Following on from my post yesterday on the economics of child benefit; I read today in the Irish Times that: "An advisory group established by (Joan Burton) earlier this year to examine ways of mean-testing or taxing the benefit has concluded in a preliminary indication that taxing the benefit is not possible. Its full report is not due out until March 2012."
For now, the preliminary indication from Burton's advisory group would seem to leave the medical card option (as suggested in yesterday's blog-post) as the only remaining possibility for reform (besides means-testing, self-declaration of income, or cross-referencing against tax records). As discussed yesterday, means-testing can have socially undesirable consequences. Furthermore, self-declaration of income (and voluntary abstention from claiming benefit) may be ineffective. Also, cross-referencing against tax records may be unsuitable for the Irish case: due to the preliminary indication from the group reporting to Burton. However, I would hope that cross-referencing against tax records is considered as a separate option to benefit taxation: in the report due out in March of next year.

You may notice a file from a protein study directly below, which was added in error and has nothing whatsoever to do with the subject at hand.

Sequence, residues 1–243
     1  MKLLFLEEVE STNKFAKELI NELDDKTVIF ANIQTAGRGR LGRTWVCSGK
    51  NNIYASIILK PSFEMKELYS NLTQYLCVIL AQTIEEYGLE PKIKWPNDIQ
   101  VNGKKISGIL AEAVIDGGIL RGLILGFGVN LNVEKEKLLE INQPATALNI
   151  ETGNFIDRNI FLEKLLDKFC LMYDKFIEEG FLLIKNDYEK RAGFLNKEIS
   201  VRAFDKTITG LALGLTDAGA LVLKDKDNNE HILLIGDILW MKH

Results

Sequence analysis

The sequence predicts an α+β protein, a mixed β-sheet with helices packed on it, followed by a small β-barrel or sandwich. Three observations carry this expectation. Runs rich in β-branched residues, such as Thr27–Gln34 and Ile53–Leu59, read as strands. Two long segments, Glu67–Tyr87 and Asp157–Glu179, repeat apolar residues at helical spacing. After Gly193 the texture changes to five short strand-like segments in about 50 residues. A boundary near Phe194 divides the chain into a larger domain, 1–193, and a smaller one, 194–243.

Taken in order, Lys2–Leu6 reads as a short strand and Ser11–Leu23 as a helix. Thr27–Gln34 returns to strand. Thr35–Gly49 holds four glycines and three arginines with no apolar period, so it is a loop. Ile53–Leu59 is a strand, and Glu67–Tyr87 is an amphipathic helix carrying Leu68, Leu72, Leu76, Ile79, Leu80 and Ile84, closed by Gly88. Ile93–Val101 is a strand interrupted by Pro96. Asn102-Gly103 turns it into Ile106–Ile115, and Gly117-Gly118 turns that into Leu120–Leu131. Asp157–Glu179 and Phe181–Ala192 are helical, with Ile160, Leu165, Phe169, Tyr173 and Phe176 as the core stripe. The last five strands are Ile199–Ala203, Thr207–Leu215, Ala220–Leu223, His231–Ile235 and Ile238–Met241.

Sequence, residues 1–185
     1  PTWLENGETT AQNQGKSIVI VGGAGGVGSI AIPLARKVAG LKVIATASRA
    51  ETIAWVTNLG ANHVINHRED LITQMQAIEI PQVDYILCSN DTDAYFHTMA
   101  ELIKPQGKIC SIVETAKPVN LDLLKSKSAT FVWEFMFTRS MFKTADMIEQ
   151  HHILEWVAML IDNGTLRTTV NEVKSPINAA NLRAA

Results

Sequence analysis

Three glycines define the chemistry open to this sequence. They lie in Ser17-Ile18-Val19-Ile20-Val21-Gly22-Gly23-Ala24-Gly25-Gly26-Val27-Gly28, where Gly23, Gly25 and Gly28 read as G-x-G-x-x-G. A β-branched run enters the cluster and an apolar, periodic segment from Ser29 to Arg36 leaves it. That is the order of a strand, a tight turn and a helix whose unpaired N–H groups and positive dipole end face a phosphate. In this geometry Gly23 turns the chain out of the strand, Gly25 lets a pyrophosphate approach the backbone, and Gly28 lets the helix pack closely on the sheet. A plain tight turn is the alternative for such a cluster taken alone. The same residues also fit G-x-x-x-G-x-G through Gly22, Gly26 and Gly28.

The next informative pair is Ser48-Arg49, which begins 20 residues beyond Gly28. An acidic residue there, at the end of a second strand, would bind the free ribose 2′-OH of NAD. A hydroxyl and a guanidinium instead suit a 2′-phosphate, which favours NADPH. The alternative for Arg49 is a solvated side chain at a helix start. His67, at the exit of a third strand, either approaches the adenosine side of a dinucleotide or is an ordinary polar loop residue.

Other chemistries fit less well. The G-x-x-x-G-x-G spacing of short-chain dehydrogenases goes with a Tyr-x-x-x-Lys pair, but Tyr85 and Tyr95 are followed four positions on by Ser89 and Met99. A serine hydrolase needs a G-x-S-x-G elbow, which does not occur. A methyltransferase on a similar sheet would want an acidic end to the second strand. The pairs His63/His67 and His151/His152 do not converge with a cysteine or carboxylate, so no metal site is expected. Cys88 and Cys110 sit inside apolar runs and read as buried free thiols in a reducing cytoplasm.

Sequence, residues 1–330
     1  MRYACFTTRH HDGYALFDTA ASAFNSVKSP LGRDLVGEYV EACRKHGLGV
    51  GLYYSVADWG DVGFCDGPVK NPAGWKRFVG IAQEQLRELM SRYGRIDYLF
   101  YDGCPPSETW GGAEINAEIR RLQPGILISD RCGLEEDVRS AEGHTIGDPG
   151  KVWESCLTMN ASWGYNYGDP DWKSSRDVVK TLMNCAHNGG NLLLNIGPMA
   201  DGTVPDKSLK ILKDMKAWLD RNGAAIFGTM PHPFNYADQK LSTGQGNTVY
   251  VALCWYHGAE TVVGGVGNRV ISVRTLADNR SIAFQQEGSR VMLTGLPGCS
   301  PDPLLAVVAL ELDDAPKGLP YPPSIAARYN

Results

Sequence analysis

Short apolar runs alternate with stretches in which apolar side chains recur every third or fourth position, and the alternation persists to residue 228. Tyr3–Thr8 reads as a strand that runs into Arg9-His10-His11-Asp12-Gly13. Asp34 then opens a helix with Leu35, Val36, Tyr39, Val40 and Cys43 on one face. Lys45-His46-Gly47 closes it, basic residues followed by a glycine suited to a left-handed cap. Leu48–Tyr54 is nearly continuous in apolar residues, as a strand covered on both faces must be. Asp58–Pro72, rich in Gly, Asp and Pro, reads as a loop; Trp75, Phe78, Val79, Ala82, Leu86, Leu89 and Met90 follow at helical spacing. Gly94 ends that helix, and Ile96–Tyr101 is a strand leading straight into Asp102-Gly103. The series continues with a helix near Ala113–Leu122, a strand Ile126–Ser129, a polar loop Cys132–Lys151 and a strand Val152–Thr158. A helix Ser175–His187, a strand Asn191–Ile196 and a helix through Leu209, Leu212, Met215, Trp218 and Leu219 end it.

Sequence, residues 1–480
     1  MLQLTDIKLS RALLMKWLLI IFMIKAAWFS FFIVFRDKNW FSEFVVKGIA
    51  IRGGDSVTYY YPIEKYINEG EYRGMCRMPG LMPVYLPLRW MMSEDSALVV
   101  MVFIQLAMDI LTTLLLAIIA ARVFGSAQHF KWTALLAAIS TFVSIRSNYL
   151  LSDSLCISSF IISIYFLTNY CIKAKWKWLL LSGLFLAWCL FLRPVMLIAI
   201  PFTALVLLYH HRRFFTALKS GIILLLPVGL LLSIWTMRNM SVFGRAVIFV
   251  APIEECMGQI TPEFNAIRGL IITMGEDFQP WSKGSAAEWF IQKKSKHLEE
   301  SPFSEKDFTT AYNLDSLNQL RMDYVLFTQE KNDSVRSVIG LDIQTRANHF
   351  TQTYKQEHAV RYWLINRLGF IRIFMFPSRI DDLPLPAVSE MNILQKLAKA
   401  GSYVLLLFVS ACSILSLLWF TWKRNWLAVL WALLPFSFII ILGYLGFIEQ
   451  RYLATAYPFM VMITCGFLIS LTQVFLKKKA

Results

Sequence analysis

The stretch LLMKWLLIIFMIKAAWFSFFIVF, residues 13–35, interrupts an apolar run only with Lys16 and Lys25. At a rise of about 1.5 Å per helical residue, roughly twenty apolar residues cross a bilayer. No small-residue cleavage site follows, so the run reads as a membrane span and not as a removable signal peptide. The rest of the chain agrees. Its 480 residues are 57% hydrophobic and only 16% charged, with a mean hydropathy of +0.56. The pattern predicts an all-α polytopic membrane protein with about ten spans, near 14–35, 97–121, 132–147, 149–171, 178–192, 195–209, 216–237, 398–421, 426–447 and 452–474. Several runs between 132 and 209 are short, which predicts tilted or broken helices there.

Of course, the medical card option would have to involve a link between the computer-systems in the Health Service Executive and the systems in the Department of Social Protection. With respect to logistical IT concerns, Joe Carthy, from the UCD School of Computer Science and Informatics, was on NewsTalk radio before lunch-time today: suggesting that it is very much possible to make the computer-systems at Social Protection and Revenue "talk to each other". Carthy suggested that he could set this up easily himself, within a month. I wonder if he could set up a link between the systems in the HSE and Social Protection as easily? So that only medical card holders with children of a certain age would receive child benefit. Medical card holders are exempt from paying the income levy and the health levy; should they not also be (exclusively) entitled to child benefit?